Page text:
How Much Water Is Too Much?
The popular Japanese Water Diet would have you believe that 2 liters of water per day is essential for maintaining a healthy weight. Wow, that sounds like a lot but it's only 67 ounces, Of course you've probably heard an Americanized version that you should drink a minimum of eight 8 ounce glasses (64 oz. in total) or about 1.89 liters of water each day, which still falls short of the 3-plus liters for men and 2.2 liters for women as recommended by the Institute of Medicine.
When you fail to consume enough water, you can suffer from dehydration, a condition that occurs when you haven't consumed the water needed for your body to carry out normal functions. Although no single formula can be used to determine how much water you need to each day, studies conducted by the Mayo Clinic found it depends on your overall health, how active you are and where you live. But, we know for a fact that even mild dehydration can leave you feeling totally drained.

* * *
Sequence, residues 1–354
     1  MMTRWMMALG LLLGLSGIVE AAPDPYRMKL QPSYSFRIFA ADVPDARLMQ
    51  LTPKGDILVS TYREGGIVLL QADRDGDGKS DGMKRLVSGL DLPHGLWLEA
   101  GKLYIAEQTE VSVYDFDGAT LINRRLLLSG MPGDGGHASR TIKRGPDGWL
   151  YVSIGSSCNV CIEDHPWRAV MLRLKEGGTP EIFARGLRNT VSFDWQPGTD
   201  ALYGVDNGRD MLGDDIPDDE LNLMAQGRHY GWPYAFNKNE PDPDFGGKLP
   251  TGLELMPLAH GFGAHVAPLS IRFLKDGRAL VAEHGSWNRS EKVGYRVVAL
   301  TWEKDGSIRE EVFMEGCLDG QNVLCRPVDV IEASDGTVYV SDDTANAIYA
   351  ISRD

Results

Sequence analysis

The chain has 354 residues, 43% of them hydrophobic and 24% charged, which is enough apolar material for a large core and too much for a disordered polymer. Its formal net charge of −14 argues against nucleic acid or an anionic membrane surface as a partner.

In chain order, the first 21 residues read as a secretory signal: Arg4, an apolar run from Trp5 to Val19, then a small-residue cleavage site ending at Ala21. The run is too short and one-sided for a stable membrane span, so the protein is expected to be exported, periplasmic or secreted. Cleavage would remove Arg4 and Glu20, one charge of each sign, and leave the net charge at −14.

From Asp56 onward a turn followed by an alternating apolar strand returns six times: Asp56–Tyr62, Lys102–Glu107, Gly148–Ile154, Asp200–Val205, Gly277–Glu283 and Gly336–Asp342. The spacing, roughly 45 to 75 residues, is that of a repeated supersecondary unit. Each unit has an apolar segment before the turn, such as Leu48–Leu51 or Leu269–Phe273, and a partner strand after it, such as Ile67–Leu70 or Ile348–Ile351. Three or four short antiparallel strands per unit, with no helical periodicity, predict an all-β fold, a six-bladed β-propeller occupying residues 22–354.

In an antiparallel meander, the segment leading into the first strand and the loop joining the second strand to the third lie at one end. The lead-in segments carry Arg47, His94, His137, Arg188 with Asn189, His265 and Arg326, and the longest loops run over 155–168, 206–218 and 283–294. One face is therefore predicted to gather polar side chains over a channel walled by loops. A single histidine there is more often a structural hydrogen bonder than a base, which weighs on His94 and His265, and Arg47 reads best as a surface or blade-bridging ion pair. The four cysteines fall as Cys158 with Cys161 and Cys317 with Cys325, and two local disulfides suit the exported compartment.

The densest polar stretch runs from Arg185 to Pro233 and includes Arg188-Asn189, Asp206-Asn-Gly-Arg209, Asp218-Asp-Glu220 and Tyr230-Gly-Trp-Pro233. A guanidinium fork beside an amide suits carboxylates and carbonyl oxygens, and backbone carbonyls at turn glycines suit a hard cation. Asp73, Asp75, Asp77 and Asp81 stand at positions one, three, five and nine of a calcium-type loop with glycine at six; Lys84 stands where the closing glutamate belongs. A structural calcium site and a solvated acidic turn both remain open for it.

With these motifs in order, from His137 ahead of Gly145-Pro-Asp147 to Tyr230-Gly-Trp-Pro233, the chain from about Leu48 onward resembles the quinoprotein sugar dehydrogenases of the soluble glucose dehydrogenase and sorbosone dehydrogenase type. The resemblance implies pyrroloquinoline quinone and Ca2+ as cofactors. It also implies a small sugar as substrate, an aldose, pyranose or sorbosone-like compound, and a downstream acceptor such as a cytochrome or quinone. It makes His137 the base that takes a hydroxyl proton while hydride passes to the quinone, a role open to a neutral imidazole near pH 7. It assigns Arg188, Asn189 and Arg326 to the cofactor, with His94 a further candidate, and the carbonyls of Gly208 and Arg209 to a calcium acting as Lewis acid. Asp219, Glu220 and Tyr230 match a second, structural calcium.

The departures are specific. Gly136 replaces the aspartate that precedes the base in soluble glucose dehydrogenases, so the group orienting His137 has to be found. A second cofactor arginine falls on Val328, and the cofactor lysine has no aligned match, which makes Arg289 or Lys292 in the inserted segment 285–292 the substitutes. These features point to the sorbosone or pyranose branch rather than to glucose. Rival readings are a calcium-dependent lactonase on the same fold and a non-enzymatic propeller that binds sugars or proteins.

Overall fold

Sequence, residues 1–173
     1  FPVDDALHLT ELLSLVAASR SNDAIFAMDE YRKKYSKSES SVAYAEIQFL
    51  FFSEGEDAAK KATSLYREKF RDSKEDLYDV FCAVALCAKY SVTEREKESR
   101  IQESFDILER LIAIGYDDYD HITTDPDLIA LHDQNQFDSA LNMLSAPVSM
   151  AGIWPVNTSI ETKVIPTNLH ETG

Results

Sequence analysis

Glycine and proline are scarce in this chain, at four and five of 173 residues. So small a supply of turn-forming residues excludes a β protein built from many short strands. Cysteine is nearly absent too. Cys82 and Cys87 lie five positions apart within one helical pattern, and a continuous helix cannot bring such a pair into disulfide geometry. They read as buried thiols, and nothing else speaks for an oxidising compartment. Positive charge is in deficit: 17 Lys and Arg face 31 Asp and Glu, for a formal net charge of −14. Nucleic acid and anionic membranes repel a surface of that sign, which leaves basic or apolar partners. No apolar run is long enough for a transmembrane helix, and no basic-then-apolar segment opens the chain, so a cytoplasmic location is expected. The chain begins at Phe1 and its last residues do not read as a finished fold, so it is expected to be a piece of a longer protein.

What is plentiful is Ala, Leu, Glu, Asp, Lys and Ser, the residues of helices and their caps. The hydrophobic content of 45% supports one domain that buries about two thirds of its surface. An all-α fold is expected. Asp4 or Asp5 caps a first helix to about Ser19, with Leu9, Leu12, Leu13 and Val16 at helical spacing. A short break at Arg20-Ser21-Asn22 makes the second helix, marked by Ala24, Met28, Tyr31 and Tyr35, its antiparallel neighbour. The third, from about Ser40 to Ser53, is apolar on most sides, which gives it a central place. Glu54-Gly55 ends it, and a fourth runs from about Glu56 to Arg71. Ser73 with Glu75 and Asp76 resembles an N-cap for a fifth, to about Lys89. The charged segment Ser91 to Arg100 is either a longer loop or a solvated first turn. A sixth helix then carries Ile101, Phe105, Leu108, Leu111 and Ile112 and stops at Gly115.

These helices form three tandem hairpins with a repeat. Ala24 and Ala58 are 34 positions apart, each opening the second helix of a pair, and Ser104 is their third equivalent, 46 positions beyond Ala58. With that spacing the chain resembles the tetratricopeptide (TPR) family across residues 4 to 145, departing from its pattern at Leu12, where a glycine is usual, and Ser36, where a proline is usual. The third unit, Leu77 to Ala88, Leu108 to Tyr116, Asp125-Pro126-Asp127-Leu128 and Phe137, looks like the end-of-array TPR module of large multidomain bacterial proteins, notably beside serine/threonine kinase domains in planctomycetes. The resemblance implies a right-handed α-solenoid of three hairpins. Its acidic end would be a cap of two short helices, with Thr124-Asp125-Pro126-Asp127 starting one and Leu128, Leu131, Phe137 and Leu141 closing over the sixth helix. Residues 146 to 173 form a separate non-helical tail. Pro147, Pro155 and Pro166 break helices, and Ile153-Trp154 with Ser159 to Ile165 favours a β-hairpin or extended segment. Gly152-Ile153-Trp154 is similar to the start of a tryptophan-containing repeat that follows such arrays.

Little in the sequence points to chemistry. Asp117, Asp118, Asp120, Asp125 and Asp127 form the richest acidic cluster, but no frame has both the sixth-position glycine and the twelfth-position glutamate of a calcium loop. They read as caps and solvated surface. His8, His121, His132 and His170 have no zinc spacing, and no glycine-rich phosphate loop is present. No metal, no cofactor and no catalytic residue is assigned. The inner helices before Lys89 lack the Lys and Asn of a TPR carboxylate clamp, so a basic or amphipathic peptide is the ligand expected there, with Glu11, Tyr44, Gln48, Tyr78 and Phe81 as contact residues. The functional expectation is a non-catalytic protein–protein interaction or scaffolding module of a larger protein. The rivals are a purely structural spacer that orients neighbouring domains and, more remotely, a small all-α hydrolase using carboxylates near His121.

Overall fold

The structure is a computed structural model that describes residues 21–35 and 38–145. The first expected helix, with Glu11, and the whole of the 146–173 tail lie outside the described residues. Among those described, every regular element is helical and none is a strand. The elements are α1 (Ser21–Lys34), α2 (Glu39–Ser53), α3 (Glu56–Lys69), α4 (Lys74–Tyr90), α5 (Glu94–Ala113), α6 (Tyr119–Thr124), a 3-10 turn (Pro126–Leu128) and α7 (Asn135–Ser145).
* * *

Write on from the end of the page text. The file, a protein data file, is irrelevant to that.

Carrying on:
On the other hand, when you drink too much water too fast, the kidneys may not be able to keep up and the diluted levels of mineral content (mostly sodium) can cause cells throughout the body to swell leading to a dangerous condition known as hyponatremia. Last year a Georgia high school football player suffering from cramps at practice died due to swelling in the brain after consuming too much liquid, too fast. In 2007, a contestant died of water intoxication in California as part of a radio station contest. Although now banned on most campuses, a few years ago a Chico State college student died after drinking too much water during a fraternity initiation.
For most of us, drinking more water as well as making water our drink of choice at mealtime is good idea. Water does help to fill you up, so you will probably eat less while gaining an added benefit of improved digestion and kidney function. If you do have concerns about your fluid intake or already have health issues, check with your medical provider or a registered dietitian. He or she can help you determine the right amount of water based on your health condition, exercise routine and environment.
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